The biggest test of the coalition's decision to raise the tuition fee cap to £9,000 is whether it leads to fewer people applying to university. Despite abolishing Labour's target of sending 50 per cent of young people to university, ministers are insistent that they still want more to go.
But the figures published by UCAS  today suggest that fewer will do so. Compared with the same period last year, total applications are down by 9 per cent, with applications from UK residents down by 11.9 per cent and applications from EU residents down by 9.3 per cent (applications from non-EU residents are up by 8.8 per cent).
Fees rise, applications fall
(Click graph to enlarge)
It's important to note that these are interim figures and only cover applications to Oxbridge, medicine, dentistry and veterinary science, which must be received by 15 October. As Nicola Dandridge, the chief executive of Universities UK, points out:
Historically, the application figures at the end of October have proven to be unreliable indicators of the final numbers. It may also be that students are taking longer this year to consider their options.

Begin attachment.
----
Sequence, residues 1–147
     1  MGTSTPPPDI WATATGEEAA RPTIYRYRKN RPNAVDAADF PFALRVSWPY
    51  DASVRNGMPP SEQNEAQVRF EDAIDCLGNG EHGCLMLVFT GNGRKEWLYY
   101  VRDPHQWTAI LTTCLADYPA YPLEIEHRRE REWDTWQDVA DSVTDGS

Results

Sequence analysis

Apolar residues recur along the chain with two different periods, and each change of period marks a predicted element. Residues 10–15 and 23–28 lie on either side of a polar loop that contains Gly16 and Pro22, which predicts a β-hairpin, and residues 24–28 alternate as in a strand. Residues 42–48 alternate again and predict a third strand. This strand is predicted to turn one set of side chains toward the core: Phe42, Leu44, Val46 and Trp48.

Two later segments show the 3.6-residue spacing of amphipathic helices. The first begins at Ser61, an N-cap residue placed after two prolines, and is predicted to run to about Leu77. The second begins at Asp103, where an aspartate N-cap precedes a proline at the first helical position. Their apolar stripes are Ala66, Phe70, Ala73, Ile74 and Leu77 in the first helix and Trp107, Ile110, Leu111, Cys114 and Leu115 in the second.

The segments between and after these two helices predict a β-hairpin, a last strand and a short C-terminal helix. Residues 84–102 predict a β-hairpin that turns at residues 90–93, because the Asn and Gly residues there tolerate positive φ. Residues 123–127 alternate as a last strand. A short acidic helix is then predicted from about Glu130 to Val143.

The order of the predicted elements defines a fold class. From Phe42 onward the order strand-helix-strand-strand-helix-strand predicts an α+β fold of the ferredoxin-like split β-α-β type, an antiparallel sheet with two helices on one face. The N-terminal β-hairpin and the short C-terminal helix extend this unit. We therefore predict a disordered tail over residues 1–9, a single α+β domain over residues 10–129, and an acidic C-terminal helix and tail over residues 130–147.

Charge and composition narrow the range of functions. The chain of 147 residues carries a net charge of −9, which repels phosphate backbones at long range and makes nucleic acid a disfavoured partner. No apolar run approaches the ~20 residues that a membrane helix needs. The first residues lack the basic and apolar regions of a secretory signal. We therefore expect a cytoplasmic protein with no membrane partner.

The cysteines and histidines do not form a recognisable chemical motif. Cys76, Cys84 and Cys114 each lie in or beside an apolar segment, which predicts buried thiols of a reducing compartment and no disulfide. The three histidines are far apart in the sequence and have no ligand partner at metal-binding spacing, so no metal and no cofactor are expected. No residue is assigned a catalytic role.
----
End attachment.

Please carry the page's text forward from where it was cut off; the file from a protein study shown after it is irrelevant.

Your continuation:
But the figures do suggest that the fees rise is deterring at least some prospective students from applying (47 of England's 123 universities plan to charge £9,000 for all courses). As the graph above shows, this is the first time that applications have fallen in the last five years.
The only comfort for ministers is that student numbers also fell when fees were raised to £3,000-a-year in 2006 but recovered in subsequent years. But if there is a sustained fall in applications (particularly from poorer pupils) then the policy will be viewed as a failure. As Steve Smith, the recently departed head of Universities UK, told me when I interviewed him  earlier this year, "If lower socio-economic class participation goes down, we've made a major mistake".
Update: A commenter (The Law) asks why applications to Scottish universities are also down (by 11.8 per cent) if higher fees are deterring pupils. The likely explanation is that English, Welsh and Northern Irish students, unlike their Scottish and EU counterparts, all pay full fees  at Scottish universities.